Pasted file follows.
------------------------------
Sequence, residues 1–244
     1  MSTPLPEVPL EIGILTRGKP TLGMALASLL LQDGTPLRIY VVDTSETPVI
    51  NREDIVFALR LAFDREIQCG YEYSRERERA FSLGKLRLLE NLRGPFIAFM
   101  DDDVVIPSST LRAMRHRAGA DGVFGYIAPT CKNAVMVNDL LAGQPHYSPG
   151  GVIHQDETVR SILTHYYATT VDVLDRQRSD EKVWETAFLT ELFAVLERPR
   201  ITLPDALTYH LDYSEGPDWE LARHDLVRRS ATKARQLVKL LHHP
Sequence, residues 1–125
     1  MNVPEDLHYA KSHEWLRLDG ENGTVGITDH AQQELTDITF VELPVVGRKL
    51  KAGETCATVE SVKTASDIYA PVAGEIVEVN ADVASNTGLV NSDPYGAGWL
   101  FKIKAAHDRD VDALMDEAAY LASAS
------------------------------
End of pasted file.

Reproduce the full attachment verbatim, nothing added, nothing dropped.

Sequence, residues 1–244
     1  MSTPLPEVPL EIGILTRGKP TLGMALASLL LQDGTPLRIY VVDTSETPVI
    51  NREDIVFALR LAFDREIQCG YEYSRERERA FSLGKLRLLE NLRGPFIAFM
   101  DDDVVIPSST LRAMRHRAGA DGVFGYIAPT CKNAVMVNDL LAGQPHYSPG
   151  GVIHQDETVR SILTHYYATT VDVLDRQRSD EKVWETAFLT ELFAVLERPR
   201  ITLPDALTYH LDYSEGPDWE LARHDLVRRS ATKARQLVKL LHHP
Sequence, residues 1–125
     1  MNVPEDLHYA KSHEWLRLDG ENGTVGITDH AQQELTDITF VELPVVGRKL
    51  KAGETCATVE SVKTASDIYA PVAGEIVEVN ADVASNTGLV NSDPYGAGWL
   101  FKIKAAHDRD VDALMDEAAY LASAS